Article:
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DOT Mandates Cash Refunds for Flight Delays and Cancellations

The agency will mandate cash refunds for significantly delayed flights, strengthening passenger rights.

Overlooking DFW Airport’s Terminal B (Photo: AirlineGeeks | William Derrickson)

In a landmark decision that it says bolsters passenger protections, the U.S. Department of Transportation (DOT) unveiled a comprehensive set of regulations on Wednesday. These new rules mandate airlines to automatically issue cash refunds for significantly delayed or canceled flights.

Transportation Secretary Pete Buttigieg hailed the reforms as a transformative moment, declaring during a press conference, “This is a big day for America’s flying public.” He emphasized that the regulations represent the most significant expansion of passenger rights in the DOT’s history, prioritizing prompt and guaranteed cash refunds.

Previously, airlines held discretionary power regarding the delay threshold that triggered a refund obligation. The newly established DOT framework mandates automatic cash refunds for domestic flights exceeding three hours in delay and international flights exceeding six hours. These protections apply to all tickets, regardless of purchase channel, encompassing direct airline purchases, travel agents, and online booking platforms.

The DOT’s rulings clearly stipulate that passengers “shall be entitled to a full cash refund if their flight is canceled or substantially altered, and they decline alternative transportation or travel vouchers proffered by the airline.”

Furthermore, the regulations require airlines to provide cash refunds for lost luggage not delivered within a 12-hour timeframe. As per the new framework, refunds must be issued within seven days and must be in the form of cash unless the passenger explicitly chooses an alternative form of compensation. Notably, airlines are prohibited from solely issuing vouchers or credits in scenarios where cash refunds are mandated. A grace period of six months has been granted to airlines to ensure compliance with the new regulations.

“Passengers deserve to get their money back when airlines fall short of their obligations, without any unnecessary hassle or haggling,” Secretary Buttigieg stated in an official press release.

Alignment with European Standards

The new DOT regulations bring the U.S. closer to existing passenger rights standards in Europe. For instance, the European Union (EU) Regulation 261/2004 mandates cash compensation for flight delays exceeding three hours for short-haul flights and 4 hours for long-haul flights. Similar to the new DOT regulations, the EU also requires airlines to offer passengers re-routing or a full refund if their flight is canceled.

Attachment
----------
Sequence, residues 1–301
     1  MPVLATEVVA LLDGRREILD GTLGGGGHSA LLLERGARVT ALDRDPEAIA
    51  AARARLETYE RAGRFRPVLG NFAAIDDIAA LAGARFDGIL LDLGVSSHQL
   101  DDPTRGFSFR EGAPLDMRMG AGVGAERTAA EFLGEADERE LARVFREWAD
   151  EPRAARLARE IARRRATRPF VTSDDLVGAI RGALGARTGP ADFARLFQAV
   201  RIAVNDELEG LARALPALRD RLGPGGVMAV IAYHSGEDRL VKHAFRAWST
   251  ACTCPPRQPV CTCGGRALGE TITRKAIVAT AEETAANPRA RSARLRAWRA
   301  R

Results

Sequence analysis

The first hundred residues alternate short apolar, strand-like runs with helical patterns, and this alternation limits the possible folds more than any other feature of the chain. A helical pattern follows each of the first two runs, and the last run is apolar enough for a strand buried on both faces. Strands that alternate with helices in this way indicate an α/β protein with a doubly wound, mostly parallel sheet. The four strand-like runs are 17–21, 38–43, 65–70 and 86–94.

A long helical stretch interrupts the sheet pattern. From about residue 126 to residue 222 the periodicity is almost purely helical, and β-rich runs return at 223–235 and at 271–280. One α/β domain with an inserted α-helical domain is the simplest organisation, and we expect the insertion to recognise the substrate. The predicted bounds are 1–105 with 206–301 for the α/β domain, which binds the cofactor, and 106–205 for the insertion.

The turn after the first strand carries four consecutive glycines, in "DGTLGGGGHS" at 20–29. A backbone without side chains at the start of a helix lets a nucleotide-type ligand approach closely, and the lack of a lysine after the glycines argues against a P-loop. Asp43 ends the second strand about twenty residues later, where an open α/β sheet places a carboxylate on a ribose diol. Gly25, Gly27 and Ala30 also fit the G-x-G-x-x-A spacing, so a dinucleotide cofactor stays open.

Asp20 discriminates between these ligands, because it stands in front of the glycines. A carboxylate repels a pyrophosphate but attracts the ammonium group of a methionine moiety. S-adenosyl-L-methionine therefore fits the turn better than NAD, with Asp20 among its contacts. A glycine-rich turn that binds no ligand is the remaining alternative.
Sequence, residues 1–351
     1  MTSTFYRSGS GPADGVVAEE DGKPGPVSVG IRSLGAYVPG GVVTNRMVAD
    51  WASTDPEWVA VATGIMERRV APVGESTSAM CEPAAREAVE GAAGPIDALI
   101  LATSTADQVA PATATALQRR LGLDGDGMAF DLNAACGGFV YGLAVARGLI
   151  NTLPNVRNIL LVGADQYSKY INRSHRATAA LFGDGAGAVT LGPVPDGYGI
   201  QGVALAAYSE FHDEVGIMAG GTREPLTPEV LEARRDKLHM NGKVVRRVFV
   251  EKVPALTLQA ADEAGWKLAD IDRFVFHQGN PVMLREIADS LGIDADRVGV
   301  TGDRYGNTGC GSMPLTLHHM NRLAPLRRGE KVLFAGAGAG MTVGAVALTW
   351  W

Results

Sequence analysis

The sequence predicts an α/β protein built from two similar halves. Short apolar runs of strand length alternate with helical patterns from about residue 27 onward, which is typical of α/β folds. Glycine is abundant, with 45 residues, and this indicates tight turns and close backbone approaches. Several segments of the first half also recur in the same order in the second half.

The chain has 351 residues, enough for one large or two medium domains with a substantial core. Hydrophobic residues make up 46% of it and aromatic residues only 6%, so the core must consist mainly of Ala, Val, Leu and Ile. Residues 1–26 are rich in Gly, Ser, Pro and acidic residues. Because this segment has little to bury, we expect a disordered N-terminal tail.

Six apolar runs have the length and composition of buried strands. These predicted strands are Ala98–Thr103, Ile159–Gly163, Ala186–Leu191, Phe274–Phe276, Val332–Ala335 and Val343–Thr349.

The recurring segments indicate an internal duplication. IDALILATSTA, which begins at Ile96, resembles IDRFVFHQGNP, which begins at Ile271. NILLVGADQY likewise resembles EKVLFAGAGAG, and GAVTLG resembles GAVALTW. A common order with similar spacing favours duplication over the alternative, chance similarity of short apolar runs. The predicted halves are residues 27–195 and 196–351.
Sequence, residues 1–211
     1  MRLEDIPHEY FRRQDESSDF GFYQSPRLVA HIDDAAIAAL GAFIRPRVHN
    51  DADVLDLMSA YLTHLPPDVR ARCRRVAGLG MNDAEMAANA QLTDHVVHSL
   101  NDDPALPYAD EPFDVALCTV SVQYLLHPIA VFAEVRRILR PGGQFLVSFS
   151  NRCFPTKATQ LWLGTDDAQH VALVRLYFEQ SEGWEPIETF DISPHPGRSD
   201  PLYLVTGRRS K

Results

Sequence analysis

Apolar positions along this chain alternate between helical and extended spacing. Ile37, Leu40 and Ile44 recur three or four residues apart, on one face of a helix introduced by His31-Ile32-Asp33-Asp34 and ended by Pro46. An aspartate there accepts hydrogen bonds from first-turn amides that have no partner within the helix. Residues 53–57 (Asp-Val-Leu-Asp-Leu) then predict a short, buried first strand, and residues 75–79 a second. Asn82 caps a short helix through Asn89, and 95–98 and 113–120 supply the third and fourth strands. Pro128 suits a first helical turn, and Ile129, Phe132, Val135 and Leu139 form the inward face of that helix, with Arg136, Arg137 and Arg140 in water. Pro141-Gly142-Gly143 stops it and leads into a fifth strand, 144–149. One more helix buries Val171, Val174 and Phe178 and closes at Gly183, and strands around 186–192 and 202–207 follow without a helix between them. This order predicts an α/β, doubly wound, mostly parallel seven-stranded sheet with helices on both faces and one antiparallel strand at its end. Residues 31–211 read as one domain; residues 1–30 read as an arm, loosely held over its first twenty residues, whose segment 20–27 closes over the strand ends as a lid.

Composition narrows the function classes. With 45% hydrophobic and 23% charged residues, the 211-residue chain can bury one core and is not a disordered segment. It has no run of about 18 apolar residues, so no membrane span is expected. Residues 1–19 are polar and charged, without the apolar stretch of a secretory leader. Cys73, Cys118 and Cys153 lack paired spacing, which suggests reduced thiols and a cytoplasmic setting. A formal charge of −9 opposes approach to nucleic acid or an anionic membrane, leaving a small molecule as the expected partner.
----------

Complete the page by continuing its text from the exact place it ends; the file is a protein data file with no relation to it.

However, some key differences remain. The EU offers compensation for delays exceeding 2 hours for some itineraries, while the DOT sets the threshold at three hours for domestic flights. Additionally, the EU offers tiered compensation based on the length of the delay, while the DOT focuses on a guaranteed refund for the inconvenience.

Empowering Passengers to Avoid Hidden Travel Expenses

The DOT also revealed ongoing efforts to develop additional regulations focused on eliminating hidden fees that disproportionately burden passengers, enhancing the rights of wheelchair-using passengers to guarantee dignified and safe travel experiences, and establishing mandatory compensation and amenities for airline-induced delays or cancellations.

Secretary Buttigieg emphasized the DOT’s commitment to protecting passengers from surprise fees, claiming these efforts will result in billions of dollars saved for American travelers annually.

The new DOT regulations encompass refunds for unused pre-paid services such as Wi-Fi access, seat selection, or in-flight entertainment.

Secretary Buttigieg declared that the Southwest fine establishes a “new standard” for airlines and passenger rights. “To be clear, we want the airline sector to thrive,” he elaborated. “It is precisely why we provided extensive support during the pandemic and honestly it’s why we’re being so rigorous on passenger protection.”

“Airlines are not enthusiastic about us holding them to a higher standard,” Secretary Buttigieg conceded. “But I know they will be able to adapt to this.”

The industry group Airlines for America, representing leading U.S. passenger and cargo airlines, responded to the news in a statement to ABC News. The statement noted that its members “already offer a range of options, including fully refundable fares,” according to the news outlet. It further claimed that consumers are “given the choice of refundable ticket options with terms and conditions that best suit their needs at first search results.”

The group also noted that the 11 largest U.S. airlines issued a combined $43 billion in customer refunds between 2020 and 2023, with nearly $11 billion in refunds issued in 2023 alone.

Tolga Karadeniz

Author

  • Tolga Karadeniz

    Tolga is a dedicated aviation enthusiast with years of experience in the industry. From an early age, his fascination with aviation went beyond a mere passion for travel, evolving into a deliberate exploration of the complex mechanics and engineering behind aircraft. As a writer, he aims to share insights , providing readers with a view into the complex inner workings of the aviation industry.

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